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Surprising Wisdom from Tracked Trash

The Internet of Everything portends a world filled with trillions of sensors and while their practical applications seem clear – sensing water loss, traffic patterns, the growth of forests – it’s the unforeseen knowledge that they can produce that is going to be exciting in the future.

Here’s a project that opened a few eyes: Trash Track.  Carlo Ratti directs the MIT SENSEable City Lab, which explores the “real-time city” by studying the way sensors and electronics relate to the city around us. He’s opening a research center in Singapore as part of an MIT-led initiative on the Future of Urban Mobility.

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Moving to IPv6: Rebuilding the Heart of the Internet Without Missing a Beat

Within the coming decade, Internet Protocol version 6 (IPv6) will be key to enabling 50 billion connections among people, processes, data, and things in the Internet of Everything (IoE)But how we get there from here is not a simple matter.

I’m very pleased to invite Mark Townsley, Cisco Fellow and recognized industry expert on IP, to discuss this important transition in the second of our three-part blog series on IPv6. The first blog in Mark’s series was “Demystifying IPv6”.

townsley

Three years ago, I organized a conference in Paris where I thought it would be fascinating to bring together the original designers of IPv6 alongside the engineers who were finally deploying it at scale more than a decade later. During this discussion, Steve Deering, one of the “fathers” of IPv6 in the 1990s, was asked one of the most common questions about IPv6: Why wasn’t it designed for backward compatibility with IPv4? After all, wouldn’t it be easier to make the transition if the two versions could transparently coexist? Steve answered that the problem is not that IPv6 wasn’t designed to be backward-compatible—the real problem is that IPv4 wasn’t designed to be forward-compatible.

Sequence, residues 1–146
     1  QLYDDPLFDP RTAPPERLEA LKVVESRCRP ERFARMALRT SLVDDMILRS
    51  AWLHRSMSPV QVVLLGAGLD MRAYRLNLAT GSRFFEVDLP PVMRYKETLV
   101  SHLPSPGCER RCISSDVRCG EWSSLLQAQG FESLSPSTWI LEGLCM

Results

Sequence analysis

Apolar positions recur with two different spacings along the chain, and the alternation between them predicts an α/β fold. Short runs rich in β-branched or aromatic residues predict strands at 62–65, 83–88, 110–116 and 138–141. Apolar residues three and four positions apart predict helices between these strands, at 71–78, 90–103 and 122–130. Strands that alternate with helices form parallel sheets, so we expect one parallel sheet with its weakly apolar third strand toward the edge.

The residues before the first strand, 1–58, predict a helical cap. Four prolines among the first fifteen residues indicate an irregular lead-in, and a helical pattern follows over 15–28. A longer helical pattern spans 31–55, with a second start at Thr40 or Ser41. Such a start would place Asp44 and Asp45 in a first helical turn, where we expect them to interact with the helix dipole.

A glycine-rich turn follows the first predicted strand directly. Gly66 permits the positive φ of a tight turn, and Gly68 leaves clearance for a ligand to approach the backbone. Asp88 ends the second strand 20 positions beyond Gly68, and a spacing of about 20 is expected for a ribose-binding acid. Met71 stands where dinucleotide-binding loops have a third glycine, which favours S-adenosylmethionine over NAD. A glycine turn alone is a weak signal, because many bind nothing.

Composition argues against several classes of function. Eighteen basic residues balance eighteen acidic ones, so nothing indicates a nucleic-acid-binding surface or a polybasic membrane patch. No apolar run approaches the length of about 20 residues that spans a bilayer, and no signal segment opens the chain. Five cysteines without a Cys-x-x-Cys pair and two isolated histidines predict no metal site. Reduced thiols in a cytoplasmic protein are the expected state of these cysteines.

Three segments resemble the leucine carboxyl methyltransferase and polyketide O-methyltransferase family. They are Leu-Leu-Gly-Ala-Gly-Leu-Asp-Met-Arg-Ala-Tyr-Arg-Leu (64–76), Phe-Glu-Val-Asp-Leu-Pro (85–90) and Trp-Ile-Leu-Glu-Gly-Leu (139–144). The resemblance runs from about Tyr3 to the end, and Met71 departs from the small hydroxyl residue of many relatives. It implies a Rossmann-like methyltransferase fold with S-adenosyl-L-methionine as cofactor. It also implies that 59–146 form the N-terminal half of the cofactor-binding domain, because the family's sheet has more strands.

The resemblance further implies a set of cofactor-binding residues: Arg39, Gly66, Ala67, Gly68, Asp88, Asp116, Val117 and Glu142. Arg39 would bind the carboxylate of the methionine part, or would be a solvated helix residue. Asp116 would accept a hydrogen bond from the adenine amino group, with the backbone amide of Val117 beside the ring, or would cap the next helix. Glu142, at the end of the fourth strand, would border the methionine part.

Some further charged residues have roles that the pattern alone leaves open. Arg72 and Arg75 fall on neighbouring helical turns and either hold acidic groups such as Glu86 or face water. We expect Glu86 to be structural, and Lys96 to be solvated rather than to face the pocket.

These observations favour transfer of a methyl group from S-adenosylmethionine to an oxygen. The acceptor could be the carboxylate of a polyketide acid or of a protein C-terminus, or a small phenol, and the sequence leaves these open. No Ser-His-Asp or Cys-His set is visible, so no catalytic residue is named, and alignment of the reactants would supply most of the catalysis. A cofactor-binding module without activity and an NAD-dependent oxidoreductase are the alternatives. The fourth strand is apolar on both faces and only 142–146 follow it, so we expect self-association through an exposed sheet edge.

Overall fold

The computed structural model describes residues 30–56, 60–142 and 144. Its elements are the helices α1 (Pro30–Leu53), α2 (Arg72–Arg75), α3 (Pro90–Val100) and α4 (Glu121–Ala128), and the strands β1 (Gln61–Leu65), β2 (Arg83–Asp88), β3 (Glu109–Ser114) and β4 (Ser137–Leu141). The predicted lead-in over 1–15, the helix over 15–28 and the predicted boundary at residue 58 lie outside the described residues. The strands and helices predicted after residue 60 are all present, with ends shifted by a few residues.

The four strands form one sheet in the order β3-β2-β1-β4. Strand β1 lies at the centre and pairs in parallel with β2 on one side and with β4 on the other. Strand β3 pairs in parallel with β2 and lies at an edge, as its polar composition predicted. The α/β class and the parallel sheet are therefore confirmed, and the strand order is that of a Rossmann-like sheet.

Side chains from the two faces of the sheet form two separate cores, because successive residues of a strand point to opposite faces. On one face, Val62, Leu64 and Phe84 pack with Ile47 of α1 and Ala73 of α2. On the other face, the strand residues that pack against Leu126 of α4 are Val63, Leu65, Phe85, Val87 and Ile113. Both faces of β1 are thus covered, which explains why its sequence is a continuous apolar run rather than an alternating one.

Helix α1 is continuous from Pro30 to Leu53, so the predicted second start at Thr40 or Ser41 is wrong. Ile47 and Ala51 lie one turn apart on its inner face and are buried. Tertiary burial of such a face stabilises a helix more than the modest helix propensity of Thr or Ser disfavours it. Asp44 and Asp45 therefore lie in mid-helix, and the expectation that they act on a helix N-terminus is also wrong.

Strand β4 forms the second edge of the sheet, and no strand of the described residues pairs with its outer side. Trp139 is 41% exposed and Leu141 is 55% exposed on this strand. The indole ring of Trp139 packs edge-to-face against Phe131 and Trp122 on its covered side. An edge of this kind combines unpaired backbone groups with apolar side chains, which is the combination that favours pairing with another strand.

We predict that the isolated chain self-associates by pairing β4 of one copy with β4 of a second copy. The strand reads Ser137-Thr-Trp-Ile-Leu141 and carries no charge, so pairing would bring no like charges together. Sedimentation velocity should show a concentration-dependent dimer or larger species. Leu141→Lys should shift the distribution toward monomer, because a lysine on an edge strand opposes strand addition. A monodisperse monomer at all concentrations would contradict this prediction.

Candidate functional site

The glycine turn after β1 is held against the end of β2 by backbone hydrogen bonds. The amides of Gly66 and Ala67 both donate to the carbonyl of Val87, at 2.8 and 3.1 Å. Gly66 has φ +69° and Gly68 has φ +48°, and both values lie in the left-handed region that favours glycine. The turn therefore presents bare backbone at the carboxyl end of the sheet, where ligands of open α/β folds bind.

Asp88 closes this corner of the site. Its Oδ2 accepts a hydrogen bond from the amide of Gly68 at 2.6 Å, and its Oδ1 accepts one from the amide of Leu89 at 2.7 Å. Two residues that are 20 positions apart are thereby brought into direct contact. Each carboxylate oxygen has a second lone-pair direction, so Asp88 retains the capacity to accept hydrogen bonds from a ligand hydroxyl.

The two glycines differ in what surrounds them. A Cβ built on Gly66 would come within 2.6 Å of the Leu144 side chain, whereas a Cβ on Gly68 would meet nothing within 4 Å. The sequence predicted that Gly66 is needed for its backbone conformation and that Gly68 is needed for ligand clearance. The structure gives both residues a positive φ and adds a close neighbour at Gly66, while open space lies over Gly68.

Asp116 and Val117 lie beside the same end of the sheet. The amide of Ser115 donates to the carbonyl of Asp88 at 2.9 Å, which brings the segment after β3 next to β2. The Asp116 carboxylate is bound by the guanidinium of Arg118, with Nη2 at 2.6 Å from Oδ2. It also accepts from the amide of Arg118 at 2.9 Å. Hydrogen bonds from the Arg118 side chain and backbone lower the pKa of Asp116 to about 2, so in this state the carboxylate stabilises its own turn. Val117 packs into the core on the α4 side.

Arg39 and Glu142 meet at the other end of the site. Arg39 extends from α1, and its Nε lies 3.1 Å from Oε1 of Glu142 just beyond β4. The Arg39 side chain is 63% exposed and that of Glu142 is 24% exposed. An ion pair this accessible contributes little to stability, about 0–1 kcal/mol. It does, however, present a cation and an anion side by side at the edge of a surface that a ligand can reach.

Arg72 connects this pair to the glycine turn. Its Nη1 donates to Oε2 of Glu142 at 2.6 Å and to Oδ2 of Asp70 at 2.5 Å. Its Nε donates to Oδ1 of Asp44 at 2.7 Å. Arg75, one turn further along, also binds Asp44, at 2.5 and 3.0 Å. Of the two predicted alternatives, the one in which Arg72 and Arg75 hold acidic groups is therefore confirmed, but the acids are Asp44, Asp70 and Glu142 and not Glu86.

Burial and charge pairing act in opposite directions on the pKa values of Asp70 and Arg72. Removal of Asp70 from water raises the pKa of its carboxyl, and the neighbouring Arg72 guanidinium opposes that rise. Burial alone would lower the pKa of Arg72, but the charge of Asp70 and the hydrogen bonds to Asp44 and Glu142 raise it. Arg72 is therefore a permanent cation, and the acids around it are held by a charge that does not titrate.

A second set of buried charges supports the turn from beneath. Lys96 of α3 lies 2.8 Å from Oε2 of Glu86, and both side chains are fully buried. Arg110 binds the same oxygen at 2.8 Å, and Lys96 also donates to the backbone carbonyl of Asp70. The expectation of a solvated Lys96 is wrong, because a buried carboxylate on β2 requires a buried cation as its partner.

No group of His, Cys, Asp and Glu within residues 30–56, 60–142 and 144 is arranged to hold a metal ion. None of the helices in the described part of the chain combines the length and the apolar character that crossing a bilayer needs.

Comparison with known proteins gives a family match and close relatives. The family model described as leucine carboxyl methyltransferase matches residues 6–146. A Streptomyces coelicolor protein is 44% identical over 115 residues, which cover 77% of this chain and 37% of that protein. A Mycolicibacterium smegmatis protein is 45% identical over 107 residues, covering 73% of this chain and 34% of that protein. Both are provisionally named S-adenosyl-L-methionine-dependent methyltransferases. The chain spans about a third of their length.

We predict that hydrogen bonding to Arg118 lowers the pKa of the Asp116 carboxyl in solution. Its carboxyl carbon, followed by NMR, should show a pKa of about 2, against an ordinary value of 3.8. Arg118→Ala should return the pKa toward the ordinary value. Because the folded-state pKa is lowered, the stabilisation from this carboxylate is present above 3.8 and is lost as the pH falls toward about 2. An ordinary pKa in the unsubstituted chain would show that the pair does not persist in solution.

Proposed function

Steve was making the point that IPv4 was designed with a fixed address space. Given the number of computers connected to the Arpanet throughout the 1970s, this fixed-length address field seemed to be sufficient—at least for that version of IP. IP had been replaced before, and it seemed perfectly reasonable at the time that it might be replaced again. Read More »

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The Internet of Everything is the Internet of Today

If you were one of the more than 20,000 people who attended Cisco Live Orlando in person or one of the 250,000 who joined us online, you were able to see amazing examples of new ways the Internet of Everything (IoE) is connecting people, process, data, and things. People have asked me how long before they can see the value of IoE in action. Let me be clear: The Internet of Everything is not the Internet of tomorrow, it’s the Internet of today. Our most recent research shows that $1.2 trillion of value is “up for grabs” in calendar year 2013 alone.
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Internet of Everything: A Pivot Point in Technology — and Thinking

“You can’t manage what you can’t measure.” So said Dave Evans, Cisco’s chief futurist, in his keynote address at Cisco Live 2013.  I couldn’t agree more! As we usher in a new era of hyperconnectivity, we will see our environment in unprecedented ways, and then manage it like never before.

The trick is getting the relevant data to the right people at the correct time.

Cisco calls this transformation the Internet of Everything (IoE). With its explosion in connectivity from 10 billion things today to 50 billion in 2020, IoE promises a profound transformation that will enhance nearly all aspects of our lives.

But only if we do it right. And that requires changing the ways in which we think.

For IoE to be a true game changer, it will take much more than infusing every road, refrigerator, tire, and supermarket shelf with data-generating sensors. IoE could, for example, have a deep impact on water management. Today, 30 percent of fresh water is lost to leaking pipes. But a sensor in a pipe can only tell you that it’s losing water (and you may already have known that). The key is managing the information, tying it into control systems, and creating far-reaching, highly efficient processes for rerouting water or mobilizing maintenance resources. Read More »

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The Monetization of Me: Calculating the Return on Exposure

In a hyper-connected world, every consumer is continuously making a trade-off between the value of information and/or services they are receiving and the impact on privacy.  I believe this comparison amounts to a “Return on Exposure” — a value exchange in which the consumer must determine if the value they’re receiving is worth what they are giving up in privacy.

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